- Reference Number: HEY-1282/2022
- Departments: Orthopaedics
- Last Updated: 1 May 2022
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This leaflet has been produced to give you general information about your injury. We understand you may not have seen a clinician face to face in fracture clinic however, most of your questions should be answered by this leaflet. If after reading it, you have any concerns or require further explanation, please do not hesitate to contact the fracture clinic team. Contact details are available at the end of this leaflet.
What is a base of the 5th metatarsal fracture?
This is a break to the bone on the outside of the foot.
- The base of the fifth metatarsal bone can be fractured when the foot is forcefully turned inwards while putting weight through the leg. For example when twisting foot down a kerb or hole in the grass.
- The area circled in the image shows the base of the fifth metatarsal. The fracture you have sustained is undisplaced and should heal well.
How should it be treated?
This fracture can be treated simply in a tubigrip and you can place as much weight through the foot as you find comfortable with or without the help of crutches.
You may have been offered a removable slipper cast which can be removed when in bed, to exercise the ankle and for hygiene purposes. The cast can be walked on with or without the use of crutches. Once you can walk comfortably without the cast, it can be discarded. This should be no later than 5 weeks after its application.
To manage your pain, we advise that you regularly take simple pain relief, which can be bought over the counter. If you have allergies or conditions, which prevent the use of pain-relieving or anti-inflammatory medication, please seek advice from your doctor or a pharmacist.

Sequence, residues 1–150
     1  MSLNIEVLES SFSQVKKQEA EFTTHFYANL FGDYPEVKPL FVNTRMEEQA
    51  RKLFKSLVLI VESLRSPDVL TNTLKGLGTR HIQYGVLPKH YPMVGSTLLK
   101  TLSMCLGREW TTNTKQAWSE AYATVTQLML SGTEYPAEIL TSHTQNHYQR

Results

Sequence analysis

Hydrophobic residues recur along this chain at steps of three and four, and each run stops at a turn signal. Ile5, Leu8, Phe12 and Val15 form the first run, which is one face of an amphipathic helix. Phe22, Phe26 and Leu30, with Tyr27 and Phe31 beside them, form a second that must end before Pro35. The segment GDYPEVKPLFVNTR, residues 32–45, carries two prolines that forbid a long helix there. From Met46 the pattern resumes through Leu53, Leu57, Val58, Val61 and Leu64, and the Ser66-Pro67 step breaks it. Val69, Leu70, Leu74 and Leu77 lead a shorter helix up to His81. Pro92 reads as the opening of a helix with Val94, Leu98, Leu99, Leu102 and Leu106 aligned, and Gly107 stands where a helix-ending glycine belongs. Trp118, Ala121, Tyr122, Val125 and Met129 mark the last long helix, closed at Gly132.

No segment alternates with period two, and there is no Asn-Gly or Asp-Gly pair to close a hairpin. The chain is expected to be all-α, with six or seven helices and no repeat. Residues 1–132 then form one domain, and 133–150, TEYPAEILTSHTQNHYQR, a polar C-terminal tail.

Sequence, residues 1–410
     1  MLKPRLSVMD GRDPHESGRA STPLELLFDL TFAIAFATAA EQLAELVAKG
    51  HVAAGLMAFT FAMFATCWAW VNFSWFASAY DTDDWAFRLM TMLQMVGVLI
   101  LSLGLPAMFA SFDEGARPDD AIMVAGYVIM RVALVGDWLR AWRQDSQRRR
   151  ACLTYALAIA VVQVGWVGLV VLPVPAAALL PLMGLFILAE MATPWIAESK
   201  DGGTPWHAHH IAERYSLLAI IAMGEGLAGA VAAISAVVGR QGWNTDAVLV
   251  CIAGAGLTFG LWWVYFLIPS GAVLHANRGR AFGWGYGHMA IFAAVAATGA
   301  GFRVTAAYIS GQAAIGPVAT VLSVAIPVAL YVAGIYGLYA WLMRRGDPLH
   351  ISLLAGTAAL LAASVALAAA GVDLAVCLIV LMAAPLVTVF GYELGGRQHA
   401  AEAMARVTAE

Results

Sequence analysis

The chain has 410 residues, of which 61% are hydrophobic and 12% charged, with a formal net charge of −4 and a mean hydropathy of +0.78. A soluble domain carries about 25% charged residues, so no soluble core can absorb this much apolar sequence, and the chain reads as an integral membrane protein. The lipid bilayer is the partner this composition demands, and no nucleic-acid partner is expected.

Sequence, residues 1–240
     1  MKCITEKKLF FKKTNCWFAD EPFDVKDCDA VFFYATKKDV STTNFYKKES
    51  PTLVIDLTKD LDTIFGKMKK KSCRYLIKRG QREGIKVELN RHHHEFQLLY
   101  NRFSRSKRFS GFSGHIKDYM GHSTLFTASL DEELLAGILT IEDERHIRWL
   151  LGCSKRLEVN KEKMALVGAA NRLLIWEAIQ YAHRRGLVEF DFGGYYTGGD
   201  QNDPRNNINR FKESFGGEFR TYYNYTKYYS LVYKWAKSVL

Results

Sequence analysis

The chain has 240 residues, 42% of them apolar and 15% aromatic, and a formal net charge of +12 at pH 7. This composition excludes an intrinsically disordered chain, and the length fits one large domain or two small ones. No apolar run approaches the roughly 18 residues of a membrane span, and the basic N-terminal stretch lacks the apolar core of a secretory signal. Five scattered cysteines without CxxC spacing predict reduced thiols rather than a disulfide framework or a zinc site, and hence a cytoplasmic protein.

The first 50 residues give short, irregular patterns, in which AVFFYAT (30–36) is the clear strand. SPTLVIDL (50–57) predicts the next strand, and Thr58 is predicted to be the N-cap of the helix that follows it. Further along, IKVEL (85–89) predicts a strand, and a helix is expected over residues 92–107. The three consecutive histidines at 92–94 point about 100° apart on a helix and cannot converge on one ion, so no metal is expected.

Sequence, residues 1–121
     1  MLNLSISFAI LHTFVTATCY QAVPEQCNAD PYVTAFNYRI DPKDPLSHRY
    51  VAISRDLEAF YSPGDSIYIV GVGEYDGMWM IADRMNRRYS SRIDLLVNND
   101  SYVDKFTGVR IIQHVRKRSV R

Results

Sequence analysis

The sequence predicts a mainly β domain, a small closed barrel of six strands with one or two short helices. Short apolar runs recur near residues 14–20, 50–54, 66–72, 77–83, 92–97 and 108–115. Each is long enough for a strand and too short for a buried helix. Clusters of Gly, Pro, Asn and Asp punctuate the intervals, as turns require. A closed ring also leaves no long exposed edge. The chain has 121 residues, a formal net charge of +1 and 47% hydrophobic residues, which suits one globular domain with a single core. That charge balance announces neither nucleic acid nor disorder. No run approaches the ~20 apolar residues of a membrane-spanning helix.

It is really important to note that smoking will delay the healing process and so should be avoided. Talk to your GP or go to www.smokefree.nhs.uk for more information.
What should I do in the first few days?
Controlling the pain and swelling by following the principles of RICE are important:
Complete rest is not advisable. If necessary, you will be given crutches to help you take some weight off the injured foot. Exercises in the section below, can be started straight away.
Ice will help reduce the pain in your foot and so should be applied for 10 – 15 minutes before performing any exercises. This will also help to reduce the swelling.
There are many different ways in which ice can be applied however crushed ice, in the form of frozen peas for example, is the most effective. Whichever method you choose it is important that you wrap the ice in a damp towel, in order to prevent it from ‘burning’ the skin.
- Only use an ice pack on areas that have normal skin sensation i.e. where you can feel hot and cold
- Do not apply ice to an open wound
- Do not apply an ice pack to an area that has poor circulation
- When you apply ice to your skin, check the skin every five minutes and stop using it if:
- the area becomes white, blue or blotchy
- the area becomes excessively painful, numb or tingles
If you have been given a tubigrip to wear it is important this is removed if you develop any signs of poor circulation such as tingling, numbness, blueness of the skin of the foot and increasing pain. The tubigrip should be removed when you go to bed at night, as when you are asleep you cannot monitor these symptoms.
The leg should be elevated above the level of the heart as much as possible, as this will reduce and prevent swelling.
- Carrying out the movements of the ankle described below, while the leg is elevated, may help to reduce any swelling further
What exercises should I do?
The simple exercises described below will help prevent stiffness developing in the ankle and foot.
- Ankle dorsiflexion and plantarflexion
- Pull your toes up towards you slowly and then point them down as far as you can.
- Try to do this within your pain free range. Do not force the ankle or foot.
- This range will increase as your injury heals.
Ankle inversion and eversion
All photos with kind permission of ©Physiotec™
- Lie down on your back with the foot elevated so your heel does not touch anything, like on the picture opposite.